A secret society of patriots which was organized in 1765 in the colonies. They formed a Committee of Correspondence to defend themselves against British actions. It was one of the first forms of organized resistance against the British parliament, and members took part in the Boston Tea Party.

Declaratory Acts

Act which was issued in 1766 in order to confirm the British government's right to pass acts which were legally binding to the colonists. It was used to save face after the colonists forced the repeal of the Stamp Act.

Quartering Act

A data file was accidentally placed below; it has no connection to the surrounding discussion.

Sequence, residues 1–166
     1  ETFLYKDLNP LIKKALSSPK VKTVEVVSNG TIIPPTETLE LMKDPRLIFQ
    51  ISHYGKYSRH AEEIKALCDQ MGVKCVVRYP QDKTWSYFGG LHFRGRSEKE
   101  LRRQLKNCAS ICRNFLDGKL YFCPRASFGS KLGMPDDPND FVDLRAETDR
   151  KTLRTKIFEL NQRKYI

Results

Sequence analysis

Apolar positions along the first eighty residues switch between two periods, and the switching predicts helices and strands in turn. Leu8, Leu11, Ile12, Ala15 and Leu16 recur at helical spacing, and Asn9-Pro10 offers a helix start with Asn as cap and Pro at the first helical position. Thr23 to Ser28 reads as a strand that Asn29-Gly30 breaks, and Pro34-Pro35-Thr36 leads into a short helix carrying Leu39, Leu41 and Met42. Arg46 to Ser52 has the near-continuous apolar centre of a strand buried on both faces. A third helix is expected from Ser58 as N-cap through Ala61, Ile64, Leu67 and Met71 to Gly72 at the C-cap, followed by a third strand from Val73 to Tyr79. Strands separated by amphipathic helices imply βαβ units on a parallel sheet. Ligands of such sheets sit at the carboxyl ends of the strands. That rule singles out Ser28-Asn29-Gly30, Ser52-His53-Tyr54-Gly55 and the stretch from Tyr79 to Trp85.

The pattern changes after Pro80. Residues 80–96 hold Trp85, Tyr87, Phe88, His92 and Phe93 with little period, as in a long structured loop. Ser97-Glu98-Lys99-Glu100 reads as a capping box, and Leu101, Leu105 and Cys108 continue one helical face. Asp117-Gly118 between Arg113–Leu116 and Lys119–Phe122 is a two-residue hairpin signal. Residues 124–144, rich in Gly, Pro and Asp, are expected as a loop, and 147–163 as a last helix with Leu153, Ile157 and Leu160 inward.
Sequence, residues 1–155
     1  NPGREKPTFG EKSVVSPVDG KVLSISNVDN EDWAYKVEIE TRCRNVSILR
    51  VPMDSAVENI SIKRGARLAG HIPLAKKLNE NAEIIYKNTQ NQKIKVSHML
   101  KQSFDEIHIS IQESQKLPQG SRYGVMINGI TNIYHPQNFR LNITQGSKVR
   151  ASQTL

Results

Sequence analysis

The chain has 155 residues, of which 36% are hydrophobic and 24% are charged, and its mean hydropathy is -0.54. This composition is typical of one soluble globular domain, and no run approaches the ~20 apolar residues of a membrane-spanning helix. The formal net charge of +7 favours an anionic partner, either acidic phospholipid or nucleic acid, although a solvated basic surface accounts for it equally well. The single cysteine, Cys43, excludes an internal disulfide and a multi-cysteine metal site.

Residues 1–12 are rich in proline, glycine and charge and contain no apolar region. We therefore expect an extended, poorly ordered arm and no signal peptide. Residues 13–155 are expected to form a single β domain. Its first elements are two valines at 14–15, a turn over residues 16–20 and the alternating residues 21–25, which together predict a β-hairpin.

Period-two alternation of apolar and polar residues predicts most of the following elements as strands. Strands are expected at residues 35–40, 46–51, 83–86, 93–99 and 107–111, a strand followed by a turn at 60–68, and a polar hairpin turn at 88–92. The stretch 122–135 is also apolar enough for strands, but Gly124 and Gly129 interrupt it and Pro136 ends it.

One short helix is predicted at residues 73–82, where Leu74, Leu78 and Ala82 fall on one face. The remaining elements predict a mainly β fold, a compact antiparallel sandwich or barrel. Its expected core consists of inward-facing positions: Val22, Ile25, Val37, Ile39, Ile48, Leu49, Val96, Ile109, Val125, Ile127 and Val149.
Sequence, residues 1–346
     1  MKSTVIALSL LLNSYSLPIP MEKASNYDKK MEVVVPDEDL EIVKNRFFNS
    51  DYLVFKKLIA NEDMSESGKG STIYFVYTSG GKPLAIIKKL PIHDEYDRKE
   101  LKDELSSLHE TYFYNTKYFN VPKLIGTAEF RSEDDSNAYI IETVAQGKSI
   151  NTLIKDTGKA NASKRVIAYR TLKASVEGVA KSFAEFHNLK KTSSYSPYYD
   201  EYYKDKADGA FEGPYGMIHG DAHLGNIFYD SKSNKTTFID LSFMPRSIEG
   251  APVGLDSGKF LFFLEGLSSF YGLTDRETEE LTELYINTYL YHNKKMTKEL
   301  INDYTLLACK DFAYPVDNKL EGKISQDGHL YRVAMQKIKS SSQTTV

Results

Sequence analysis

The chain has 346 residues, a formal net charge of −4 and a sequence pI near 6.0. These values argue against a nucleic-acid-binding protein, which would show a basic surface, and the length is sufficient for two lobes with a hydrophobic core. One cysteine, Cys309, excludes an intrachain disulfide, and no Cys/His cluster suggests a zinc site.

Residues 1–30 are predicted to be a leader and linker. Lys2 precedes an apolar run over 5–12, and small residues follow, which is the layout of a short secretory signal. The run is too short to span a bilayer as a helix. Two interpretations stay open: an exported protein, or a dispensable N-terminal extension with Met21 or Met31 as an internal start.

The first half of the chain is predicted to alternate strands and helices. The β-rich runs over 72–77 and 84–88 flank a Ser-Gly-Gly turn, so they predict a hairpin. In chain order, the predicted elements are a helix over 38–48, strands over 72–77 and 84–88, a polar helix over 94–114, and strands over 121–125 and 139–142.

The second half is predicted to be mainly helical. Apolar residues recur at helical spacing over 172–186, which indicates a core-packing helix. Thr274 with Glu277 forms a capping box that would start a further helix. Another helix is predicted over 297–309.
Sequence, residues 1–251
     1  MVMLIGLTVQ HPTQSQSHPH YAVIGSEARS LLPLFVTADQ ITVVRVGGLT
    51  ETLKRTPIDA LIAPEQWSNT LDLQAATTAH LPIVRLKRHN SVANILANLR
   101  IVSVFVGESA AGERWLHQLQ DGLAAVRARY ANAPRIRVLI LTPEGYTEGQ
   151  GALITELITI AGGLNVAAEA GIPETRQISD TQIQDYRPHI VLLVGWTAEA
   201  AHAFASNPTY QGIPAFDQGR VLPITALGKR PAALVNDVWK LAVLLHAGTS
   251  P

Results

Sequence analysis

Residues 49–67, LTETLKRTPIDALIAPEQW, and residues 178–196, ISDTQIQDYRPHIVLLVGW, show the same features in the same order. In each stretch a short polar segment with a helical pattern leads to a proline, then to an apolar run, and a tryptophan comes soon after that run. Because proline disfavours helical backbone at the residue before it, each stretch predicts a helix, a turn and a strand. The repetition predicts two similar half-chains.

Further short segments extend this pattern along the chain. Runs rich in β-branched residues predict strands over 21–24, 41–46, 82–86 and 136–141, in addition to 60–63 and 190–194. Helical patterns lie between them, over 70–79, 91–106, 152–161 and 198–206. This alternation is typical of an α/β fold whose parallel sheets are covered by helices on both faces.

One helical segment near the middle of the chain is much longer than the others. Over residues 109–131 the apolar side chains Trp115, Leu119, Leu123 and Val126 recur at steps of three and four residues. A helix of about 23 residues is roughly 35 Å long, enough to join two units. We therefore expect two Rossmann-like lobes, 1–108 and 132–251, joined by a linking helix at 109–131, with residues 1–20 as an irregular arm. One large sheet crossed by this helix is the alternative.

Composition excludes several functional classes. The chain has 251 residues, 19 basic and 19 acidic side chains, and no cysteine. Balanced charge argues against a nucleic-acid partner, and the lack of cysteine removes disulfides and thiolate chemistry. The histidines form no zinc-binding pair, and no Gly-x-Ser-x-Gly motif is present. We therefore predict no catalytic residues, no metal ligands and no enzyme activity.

It allowed for British officers to be permitted to stay in the homes of colonials to cut down maintenance cost of the colonial garrison. IT angered many colonists, and influenced the third amendment.

Charles Townshend

British Prime Minister. Influenced Parliament to pass the Townshend Acts.

Boston Massacre

An event that took place in Boston where colonial agitators provoked British troops with snowballs with rocks inside them. The result was an accidental firing of muskets into the crowd and the death of some colonials; it became a prime piece of anti-British propaganda.

Lord North

British Prime Minister during revolution. He had passed the Coercive Acts and supported the king greatly to the extent that Britain was ruled only by the king.

Letters from a Farmer in Pennsylvania

A declaration of rights at the Stamp Act Congress It argued against the duties of the Townshend acts in this publication.

Gaspee Incident